India feels like a special place, says DJ Major Lazer
Major Lazer, a project by DJ-music producer Diplo, DJ Jillionaire and DJ Walshy Fire, is not just a concoction of mainstream electronic and hip-hop music with influences from electro, dancehall, dubstep and trap. Their performances are famous for out-of-the-box visual artistry and theatrical stage tactics. And now, with their song, ‘Lean on’, shot on the outskirts of Mumbai, breaking music records, the collective is on cloud nine. After touring India in 2014, Major Lazer will be back in the country again this month. Ahead of their gig, Mad Decent Bloc Party, in Mumbai on February 19, frontman Diplo gets candid about his love for India, the last days of EDM, and more.
You seem to have a deep-rooted connection with India. What makes you keep coming back?
India’s cultural diversity humbles me. When we, as Major Lazer, toured the country [in December 2014], it was mind-blowing to see our fan base here. We wanted to incorporate that vibe into the video we made for ‘Lean on’. To us, India feels like a special place, backed by strong legacy and an even stronger future.
Does Indian music inspire you?
Indian music is diverse and emotional. I remember trying to do some yoga on that music the last time I was here.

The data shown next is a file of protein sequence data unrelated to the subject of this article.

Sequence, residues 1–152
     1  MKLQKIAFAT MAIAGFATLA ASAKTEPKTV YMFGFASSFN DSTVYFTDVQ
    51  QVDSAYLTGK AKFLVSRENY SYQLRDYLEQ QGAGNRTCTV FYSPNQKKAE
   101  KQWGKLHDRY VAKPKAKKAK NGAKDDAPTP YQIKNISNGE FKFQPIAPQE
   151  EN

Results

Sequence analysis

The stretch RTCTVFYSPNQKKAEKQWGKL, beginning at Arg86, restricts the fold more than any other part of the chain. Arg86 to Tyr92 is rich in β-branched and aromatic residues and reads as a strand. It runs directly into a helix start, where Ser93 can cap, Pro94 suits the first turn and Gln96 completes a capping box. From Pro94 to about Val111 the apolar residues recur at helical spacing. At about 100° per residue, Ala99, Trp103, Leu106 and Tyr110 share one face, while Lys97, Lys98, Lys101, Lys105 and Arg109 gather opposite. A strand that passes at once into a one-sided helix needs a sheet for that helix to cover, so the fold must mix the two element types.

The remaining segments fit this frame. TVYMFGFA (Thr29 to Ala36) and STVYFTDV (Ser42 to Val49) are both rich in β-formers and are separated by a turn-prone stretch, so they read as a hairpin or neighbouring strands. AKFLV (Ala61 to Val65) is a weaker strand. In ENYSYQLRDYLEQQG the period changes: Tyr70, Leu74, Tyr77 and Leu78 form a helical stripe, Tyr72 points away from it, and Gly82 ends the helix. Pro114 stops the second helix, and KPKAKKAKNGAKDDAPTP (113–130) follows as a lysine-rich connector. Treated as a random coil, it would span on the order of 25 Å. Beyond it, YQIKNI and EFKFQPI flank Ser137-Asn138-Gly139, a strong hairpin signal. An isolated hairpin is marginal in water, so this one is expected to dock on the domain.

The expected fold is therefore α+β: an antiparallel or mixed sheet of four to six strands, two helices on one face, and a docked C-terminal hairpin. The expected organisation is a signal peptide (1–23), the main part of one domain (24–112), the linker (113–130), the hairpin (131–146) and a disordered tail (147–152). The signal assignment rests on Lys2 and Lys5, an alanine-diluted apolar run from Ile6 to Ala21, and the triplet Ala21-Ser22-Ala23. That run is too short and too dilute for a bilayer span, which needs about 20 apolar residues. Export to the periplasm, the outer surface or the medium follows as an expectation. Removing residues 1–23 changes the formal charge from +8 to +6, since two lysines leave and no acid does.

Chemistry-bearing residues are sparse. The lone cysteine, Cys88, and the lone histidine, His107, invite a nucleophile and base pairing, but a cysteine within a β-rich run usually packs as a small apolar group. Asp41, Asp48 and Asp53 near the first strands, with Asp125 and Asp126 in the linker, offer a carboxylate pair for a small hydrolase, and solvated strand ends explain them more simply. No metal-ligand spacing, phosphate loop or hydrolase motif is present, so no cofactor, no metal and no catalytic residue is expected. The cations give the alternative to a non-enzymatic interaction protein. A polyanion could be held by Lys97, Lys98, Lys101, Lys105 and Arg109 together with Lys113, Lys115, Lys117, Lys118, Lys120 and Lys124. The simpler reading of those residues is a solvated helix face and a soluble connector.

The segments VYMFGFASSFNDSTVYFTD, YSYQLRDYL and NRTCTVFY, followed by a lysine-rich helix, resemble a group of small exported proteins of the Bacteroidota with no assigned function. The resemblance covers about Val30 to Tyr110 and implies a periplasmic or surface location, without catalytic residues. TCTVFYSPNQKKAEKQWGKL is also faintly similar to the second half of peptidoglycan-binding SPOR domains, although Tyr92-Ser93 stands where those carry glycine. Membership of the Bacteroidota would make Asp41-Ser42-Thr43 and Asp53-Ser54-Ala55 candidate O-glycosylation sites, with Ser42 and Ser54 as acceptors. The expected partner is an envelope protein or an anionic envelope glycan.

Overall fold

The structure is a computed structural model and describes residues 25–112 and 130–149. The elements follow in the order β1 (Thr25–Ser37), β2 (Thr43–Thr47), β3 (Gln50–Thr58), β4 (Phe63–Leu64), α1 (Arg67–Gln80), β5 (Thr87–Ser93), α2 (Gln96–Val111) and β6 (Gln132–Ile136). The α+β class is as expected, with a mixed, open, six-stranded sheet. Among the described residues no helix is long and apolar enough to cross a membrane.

Watch Lean On by Major Lazer & DJ Snake here:
Do you think ‘Lean on’ turned things around for Major Lazer?
I think our music represents something really new. ‘Lean on’ created musical history.
You have collaborated with Madonna. How was that experience?
It already s**ks to be a woman in the music industry, but to be a ‘boss woman’ is even harder. No one seems to want her to succeed. Her song, Ghosttown, was a guaranteed No 1, but she didn’t get a fair shot. Even with B***h I’m Madonna, everyone said that there’s no way it will go anywhere, but I told her, “It represents you more than anything.” With Madonna, I had to gain her trust. I was really honest with her in the studio about what I was doing. I wasn’t a fan. She knows I wasn’t trying to be there and make money. Every time I hang out with her, she’s awesome and fun.
Do you think that after being part of the music scene for more than 10 years, your time has truly come now?
I feel that one has to evolve. We can’t be making the same records now that we were making when Pon de floor came out or even when Peace Is The Mission came out. Music is always going to evolve, and we can’t stop that.
You’ve said that you don’t see EDM growing any bigger. Why do you think so?
Today, electronic music belongs to the youth, and its accessibility is part of the genre’s allure. Any kid can pick up a laptop and make music. The genre has grown because of festivals and shows that happen often now. Every genre starts underground, gets trendy, becomes popular, and then dies or is reinvented. Today, EDM is at the highest it has ever been. So, I don’t know how much higher it will get.
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- Indian classical musician and Padma Vibhushan awardee Ustad Ghulam Mustafa Khan passes away at 89